Crab apples

This year there is a bumper crop of apples here in New York, both crabapples and your standard apples.

Why?  Well, it’s probably a combination of reasons–but I think one of the biggest is that LAST year in the spring we were hit with a hard frost that killed most of the apple blossoms before they had a chance to be pollinated.  So in 2012 those trees happily soaked up sunshine and water all summer without putting forth any apples. . . and all of that energy was stored in the roots.  So this year when they put out flowers and they were pollinated, they had plenty of energy to make tons and tons of apples.  I’ve noticed trees bearing apples that I’ve driven by for years and NEVER noticed apples on before.

The crab apple trees in the yard next to my church are just LOADED with small red crab apples.  I asked permission to pick some and have brought home several batches.

Crab apples

Now these particular crab apples are about the size of large cherries.  They are hard, EXTREMELY tart, and red all the way through:

Church Crab Apple cut in half

(note: they are crab apples–if you cut them through the middle you can see the little star shaped pattern of five apple seeds–I just cut off a slice here to show you the color)

So what can you DO with crab apples?  Well, a lot–as long as you have some sugar.  Two years ago I made crabapple butter–it was a lovely pink color!  I have a friend who has used crab apples from these same trees to make crab apple jelly.  This year I have already made Spiced Crab Apples and Crab Apple Juice (which is about as tart as cranberry juice!).  Although these particular crab apples don’t have a lot of meat on them,  you can use crab apples (with a bit of work and a foodmill) to make crab apple sauce as well.  I’ve also read that the tartness of crabapples can balance out the sweetness of other apples if you are fermenting your own hard cider!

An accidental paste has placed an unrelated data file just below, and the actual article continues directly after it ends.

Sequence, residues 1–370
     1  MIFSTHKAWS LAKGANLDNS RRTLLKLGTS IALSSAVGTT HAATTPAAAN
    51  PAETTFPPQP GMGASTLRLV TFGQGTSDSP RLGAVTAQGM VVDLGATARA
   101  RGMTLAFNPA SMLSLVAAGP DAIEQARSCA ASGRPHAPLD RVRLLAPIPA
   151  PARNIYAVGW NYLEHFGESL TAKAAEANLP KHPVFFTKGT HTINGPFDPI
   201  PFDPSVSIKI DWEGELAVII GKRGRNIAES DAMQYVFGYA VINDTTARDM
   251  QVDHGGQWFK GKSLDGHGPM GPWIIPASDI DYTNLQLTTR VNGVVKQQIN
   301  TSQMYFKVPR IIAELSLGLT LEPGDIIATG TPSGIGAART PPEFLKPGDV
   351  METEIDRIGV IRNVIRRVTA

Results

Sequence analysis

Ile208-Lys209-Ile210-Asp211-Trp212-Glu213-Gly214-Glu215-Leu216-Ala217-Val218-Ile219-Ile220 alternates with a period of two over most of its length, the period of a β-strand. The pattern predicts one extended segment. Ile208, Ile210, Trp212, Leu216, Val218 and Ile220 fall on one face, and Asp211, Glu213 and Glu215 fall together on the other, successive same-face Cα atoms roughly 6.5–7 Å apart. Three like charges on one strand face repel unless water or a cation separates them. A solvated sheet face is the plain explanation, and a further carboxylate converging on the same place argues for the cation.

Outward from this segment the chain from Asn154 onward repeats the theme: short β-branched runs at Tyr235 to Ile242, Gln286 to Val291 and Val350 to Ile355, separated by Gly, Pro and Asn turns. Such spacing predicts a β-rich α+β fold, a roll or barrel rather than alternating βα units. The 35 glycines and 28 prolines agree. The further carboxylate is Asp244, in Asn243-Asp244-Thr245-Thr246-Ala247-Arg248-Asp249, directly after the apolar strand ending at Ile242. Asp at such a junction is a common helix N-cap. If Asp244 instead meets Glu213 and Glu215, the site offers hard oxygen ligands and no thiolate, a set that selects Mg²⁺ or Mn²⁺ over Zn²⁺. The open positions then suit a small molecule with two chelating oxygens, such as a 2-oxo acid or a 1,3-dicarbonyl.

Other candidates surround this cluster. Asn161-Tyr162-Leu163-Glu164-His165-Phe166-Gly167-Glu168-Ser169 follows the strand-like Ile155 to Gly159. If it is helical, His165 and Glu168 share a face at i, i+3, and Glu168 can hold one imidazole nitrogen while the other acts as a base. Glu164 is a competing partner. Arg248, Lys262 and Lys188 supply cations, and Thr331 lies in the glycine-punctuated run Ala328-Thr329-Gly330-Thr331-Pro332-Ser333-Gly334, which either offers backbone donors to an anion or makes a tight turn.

I bet some of you are thinking “why bother, that sounds like a lot of work!”.  Well, that’s true.  I don’t know how much crab apple juice we will drink (I only made 2 Qts), or even if we will like the Spiced Crab Apples (which are sort of a sweet sour preserve along the lines of my Old Fashioned Pickled Peaches or Watermelon Rind Pickles)–but to me, the fact that there is free food out there, just hanging and going to waste. . . well it bothers me.  There are so many folks who don’t have enough, and prices on things keep getting higher.  I like experimenting with different foods and knowing how to use them–who knows, at some point I might be glad that I did.

If you are looking for more information on how to use crab apples, the Cooperative Extension from the University of Alaska Fairbanks has a nice printable four page handout on cooking with and preserving crab apples which you might find useful.

And don’t worry–I’ll be posting an article on the Spiced Crab Apples soon!

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  1. says

    I have also read that you can make homemade pectin from crab apples. I haven’t done it because my crabapples are the size of large marbles, and that sounds like way more work than I want to put into it. :)

  2. Pam says

    I love the steam juicer! Honestly, if I had to cook them in a pan and run them through jelly bags, they would have been tossed out the back door. I chopped them up in my Ninja blender, dumped them into the steamer and voila – 13 cups of perfect crabapple juice! Easypeasey! Thanks!!

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